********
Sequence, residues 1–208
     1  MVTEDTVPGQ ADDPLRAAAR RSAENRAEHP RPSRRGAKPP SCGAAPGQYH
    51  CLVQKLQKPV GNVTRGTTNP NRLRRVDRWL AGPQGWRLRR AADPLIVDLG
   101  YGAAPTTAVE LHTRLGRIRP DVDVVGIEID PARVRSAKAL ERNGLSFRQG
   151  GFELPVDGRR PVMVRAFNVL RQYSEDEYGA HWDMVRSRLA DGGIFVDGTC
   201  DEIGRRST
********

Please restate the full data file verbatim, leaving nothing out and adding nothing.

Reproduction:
Sequence, residues 1–208
     1  MVTEDTVPGQ ADDPLRAAAR RSAENRAEHP RPSRRGAKPP SCGAAPGQYH
    51  CLVQKLQKPV GNVTRGTTNP NRLRRVDRWL AGPQGWRLRR AADPLIVDLG
   101  YGAAPTTAVE LHTRLGRIRP DVDVVGIEID PARVRSAKAL ERNGLSFRQG
   151  GFELPVDGRR PVMVRAFNVL RQYSEDEYGA HWDMVRSRLA DGGIFVDGTC
   201  DEIGRRST